Still, in the Arab world, where some countries do not have elections and others vote for bodies with very limited power, Syria's parliamentary elections and the tolerance of government critics mark a significant stride from the country's totalitarian past.
“We should all support this great leadership. No other Arab country has confronted American and Israeli policies the way Syria has,” said Salem Mohammed, 50, a merchant.
But Mohammed Arnous, 39, said he was angered by the “haphazard” way people were voting.
“We should really think about who we are voting for,” he said before entering a balloting station in downtown Damascus.
Some 2,500 candidates are running for the National Assembly in this country of 18.6 million people. Authorities have said that around 7 million citizens are eligible to vote.
Last week, the U.S. Deputy Assistant Secretary of State for Near Eastern Affairs, J. Scott Carpenter, described the vote as meaningless and “a missed opportunity” for change.
A senior member of the ruling coalition, Safwan Qudsi, replied that Carpenter's comments amounted to interference in Syrian affairs.
Hassan Abdel-Azim, a lawyer who heads a group of small parties opposed to the government, said the boycott call was a factor in the apparently low turnout on Sunday.
“Of course, the foremost reason for the low turnout is the feeling that the result of the election is a foregone conclusion,” he said.
The government denies this, claiming the boycott had no effect.
“The fate of all those who collaborate against their country is well known,” said Bouthaina Shaaban, a Cabinet minister.
The vote took place "in total freedom and transparency," SANA said on Monday, without giving turnout figures for the first day's vote on Sunday.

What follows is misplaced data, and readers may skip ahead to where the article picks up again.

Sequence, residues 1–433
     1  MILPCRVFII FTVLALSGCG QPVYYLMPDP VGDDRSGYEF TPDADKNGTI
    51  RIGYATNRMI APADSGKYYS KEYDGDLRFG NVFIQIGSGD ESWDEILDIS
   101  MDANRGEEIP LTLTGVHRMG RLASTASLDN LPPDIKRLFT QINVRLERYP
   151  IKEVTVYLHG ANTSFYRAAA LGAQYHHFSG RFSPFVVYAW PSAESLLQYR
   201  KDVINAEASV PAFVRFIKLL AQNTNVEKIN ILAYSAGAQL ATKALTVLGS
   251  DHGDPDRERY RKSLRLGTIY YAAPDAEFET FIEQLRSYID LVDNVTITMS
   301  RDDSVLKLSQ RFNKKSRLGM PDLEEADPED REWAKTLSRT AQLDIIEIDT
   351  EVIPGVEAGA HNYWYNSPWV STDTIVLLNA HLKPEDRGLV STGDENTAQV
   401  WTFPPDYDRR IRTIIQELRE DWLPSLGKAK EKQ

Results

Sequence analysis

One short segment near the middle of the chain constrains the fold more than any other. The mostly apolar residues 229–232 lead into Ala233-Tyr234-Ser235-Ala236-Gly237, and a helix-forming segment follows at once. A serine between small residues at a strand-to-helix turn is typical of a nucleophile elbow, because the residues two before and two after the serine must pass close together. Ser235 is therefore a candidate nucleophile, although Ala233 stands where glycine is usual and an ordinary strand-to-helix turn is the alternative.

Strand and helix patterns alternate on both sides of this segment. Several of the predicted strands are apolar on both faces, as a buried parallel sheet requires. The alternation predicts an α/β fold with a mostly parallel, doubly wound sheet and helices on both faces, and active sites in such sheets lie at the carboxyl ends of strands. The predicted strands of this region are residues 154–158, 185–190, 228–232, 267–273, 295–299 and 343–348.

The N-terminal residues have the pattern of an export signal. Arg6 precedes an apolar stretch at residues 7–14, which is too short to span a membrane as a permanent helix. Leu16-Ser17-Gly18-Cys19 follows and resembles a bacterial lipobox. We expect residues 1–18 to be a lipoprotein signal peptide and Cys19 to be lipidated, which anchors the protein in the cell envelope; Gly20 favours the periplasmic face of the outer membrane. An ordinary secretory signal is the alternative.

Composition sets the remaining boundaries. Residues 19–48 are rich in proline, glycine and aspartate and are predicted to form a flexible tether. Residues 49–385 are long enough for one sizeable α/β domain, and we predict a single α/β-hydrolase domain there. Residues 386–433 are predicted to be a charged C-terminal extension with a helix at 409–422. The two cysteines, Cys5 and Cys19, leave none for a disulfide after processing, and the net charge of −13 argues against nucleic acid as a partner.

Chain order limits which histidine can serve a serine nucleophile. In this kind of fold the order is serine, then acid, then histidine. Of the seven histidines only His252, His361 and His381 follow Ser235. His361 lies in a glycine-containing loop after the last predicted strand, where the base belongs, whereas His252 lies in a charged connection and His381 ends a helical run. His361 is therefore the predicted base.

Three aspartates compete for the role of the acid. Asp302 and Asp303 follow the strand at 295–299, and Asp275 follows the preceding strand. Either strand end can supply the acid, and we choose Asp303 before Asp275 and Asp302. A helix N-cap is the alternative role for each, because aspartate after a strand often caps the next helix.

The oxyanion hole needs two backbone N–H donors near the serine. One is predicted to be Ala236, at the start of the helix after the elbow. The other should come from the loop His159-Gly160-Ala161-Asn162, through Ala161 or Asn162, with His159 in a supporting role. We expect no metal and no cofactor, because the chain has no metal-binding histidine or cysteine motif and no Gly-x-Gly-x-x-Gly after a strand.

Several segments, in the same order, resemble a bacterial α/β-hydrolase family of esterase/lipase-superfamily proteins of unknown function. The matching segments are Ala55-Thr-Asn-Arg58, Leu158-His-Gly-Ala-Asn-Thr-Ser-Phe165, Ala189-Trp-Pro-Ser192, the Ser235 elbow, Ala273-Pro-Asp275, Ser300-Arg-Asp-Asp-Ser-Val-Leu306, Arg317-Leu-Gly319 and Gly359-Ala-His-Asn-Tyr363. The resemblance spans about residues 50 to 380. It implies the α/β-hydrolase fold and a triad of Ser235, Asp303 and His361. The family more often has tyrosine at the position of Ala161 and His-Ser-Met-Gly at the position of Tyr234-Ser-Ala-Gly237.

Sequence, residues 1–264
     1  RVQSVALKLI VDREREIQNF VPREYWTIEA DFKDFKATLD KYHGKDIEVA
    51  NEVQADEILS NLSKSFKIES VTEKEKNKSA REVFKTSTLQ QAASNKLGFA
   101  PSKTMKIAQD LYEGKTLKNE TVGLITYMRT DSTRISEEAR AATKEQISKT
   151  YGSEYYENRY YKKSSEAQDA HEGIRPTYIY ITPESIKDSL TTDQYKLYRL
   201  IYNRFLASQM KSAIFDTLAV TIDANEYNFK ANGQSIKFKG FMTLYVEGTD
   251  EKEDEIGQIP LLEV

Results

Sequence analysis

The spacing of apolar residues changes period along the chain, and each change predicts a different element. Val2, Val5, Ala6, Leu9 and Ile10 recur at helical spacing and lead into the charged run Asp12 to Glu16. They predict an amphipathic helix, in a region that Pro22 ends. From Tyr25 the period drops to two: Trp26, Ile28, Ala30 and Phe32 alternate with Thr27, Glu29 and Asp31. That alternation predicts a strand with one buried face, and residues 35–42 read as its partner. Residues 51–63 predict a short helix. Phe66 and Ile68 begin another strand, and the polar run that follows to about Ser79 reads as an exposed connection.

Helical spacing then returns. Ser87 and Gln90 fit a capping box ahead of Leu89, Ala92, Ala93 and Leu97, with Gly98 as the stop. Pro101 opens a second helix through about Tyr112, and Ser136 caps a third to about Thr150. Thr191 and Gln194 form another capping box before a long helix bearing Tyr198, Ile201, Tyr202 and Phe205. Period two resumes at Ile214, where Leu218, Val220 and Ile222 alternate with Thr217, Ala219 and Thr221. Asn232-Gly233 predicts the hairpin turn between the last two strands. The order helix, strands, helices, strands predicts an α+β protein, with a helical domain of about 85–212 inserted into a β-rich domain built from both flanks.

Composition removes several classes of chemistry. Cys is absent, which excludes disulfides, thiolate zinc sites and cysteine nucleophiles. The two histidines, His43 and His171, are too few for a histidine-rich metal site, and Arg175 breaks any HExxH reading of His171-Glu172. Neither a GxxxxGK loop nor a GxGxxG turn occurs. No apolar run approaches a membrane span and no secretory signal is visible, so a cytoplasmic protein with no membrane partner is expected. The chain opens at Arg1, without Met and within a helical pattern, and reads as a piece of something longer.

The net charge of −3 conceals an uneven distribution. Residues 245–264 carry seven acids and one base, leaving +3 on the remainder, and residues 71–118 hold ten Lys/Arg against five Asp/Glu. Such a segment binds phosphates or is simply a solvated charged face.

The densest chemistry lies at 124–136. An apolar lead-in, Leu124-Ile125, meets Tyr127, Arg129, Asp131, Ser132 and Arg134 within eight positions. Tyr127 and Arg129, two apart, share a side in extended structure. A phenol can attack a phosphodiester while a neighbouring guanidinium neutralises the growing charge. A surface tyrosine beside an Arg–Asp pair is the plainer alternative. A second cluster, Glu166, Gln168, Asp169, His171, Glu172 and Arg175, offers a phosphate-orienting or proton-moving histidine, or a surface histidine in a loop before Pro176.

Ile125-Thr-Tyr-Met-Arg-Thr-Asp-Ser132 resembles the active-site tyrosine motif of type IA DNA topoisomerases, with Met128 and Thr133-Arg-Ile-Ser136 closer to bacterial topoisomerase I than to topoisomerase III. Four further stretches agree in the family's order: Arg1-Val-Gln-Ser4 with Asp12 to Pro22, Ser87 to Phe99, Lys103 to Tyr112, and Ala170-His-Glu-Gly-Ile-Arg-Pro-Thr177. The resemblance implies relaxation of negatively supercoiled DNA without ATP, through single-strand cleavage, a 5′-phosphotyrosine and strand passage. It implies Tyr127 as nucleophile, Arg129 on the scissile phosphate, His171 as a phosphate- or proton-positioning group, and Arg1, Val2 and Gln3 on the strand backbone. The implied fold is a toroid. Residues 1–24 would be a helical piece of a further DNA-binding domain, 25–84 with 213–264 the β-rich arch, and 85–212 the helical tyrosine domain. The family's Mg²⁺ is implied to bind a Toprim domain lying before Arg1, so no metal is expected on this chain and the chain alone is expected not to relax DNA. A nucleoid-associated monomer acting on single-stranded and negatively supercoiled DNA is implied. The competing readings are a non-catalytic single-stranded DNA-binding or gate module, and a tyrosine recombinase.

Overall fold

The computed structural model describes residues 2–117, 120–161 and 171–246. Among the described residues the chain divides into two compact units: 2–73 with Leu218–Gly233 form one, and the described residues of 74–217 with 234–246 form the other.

"Turnout is low but higher than yesterday," an official at a downtown Damascus polling station told AFP shortly before polls closed, walls behind him featuring posters of President Bashar al-Assad with his father and predecessor Hafez.
"Citizens, elections are a national democratic celebration. Vote for whoever you think is the most competent," read a nearby interior ministry sign.
While turnout on Monday appeared low at several other polling stations visited by AFP in the capital, an AFP photographer in Damascus' poorer southern districts reported "relatively high turnout" with people queueing to vote.
Residents appeared split on whether the election, totally lacking in suspense for most people, would bring any change.
Even the official Tishrin daily said last week that Syrians "have lost their enthusiasm for the parliamentary elections."
In Syria's second city of Aleppo, in the north, "candidates were disappointed by the low turnout," the independent Al-Watan daily reported on Monday.
But there is one thing that is different in these elections – never before have Syrians so openly voiced their lack of interest in the polls, and that is a sign that perhaps something is changing in Syria, our correspondent says.